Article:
Yesterday afternoon, the cafeteria prefect at the school asked if it would be okay if she hurried my son along after he finishes his lunch. It turns out, that while I’m busily working 40 feet away, he is dilly-dallying through clean up.
Kids can’t be dismissed until their area is tidy and although my son stays well into the next lunch period and gets back to class later than anyone else, he still feels the need to take his things to the trash can…one by one.
First it’s the straw wrapper, then he walks around the entire row of tables to get his straw, then his milk carton, then his tray, then his napkin. I don’t think he’s stalling. I think it’s just an aspect of his OCD.
I will be the first person to say that he gets his compulsions naturally. Between me, my mother and my mother-in-law you could lay our compulsions end-to-end and circle the earth. Twice.
My mom took her dog for a walk the other day and told me that she went 845 steps. Then she went on to say that if she had gone around the block she would have taken over 1000. She doesn’t wear a pedometer. She also has a morning routine that you do not want to mess with. Trust me. I’m more of a have-to-have-the-dishwasher-loaded-correctly or laundry-has-to-be-folded-nicely-and-put-away-neatly kind of chick. So, you really can’t call me odd.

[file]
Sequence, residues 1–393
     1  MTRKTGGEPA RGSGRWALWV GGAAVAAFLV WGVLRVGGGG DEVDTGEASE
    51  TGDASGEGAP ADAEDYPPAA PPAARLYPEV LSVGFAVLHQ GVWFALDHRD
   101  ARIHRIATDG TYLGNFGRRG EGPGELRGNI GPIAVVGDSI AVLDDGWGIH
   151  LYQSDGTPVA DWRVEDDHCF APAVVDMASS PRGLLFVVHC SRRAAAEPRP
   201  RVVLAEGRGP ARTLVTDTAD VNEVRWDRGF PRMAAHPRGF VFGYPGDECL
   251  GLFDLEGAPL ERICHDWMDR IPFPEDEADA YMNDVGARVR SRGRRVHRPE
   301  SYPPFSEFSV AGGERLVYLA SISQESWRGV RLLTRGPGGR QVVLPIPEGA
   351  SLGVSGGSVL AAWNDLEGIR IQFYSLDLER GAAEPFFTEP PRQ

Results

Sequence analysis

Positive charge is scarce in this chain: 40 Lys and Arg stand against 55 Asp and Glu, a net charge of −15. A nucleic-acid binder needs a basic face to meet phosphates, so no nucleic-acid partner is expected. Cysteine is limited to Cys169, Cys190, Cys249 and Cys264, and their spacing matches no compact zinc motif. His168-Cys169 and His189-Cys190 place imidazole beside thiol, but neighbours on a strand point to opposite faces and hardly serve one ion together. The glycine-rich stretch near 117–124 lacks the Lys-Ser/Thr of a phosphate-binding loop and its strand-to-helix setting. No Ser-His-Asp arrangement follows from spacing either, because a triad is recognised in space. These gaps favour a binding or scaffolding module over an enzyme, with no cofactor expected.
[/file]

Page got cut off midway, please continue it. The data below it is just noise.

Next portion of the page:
A true compulsion would be if I reloaded the dishwasher every time someone else tried to do it, so I would know that all of the forks were tines up, all of the sharp knives were pointing down, all the ceramic dishes were on one side and all the plastic ones on the other and that all of the cooking utensils were in the top rack. Or, if I went back to the drawer where I had just put away laundry in order to make sure it hadn’t folded over on itself. Not that I would know anything about that.
I mean, it would probably seem as if I had issues if I did something like say the exact same thing to my daughter every single night before she goes to bed and give her four kisses on her forehead. It would be stranger, still, if the words I uttered to her were the exact same ones my mother said to me as a child.
Or, if I also gave my son four kisses each night and rubbed the back of his furry little head in the spot where I first touched him as a baby.
I’m certainly not crazy! I don’t line up my shirts by color, or always cough twice, or crack my neck, or constantly rub my chin to see if another gray hair has popped out. Oh wait…
Now that I think about it, my son is doomed.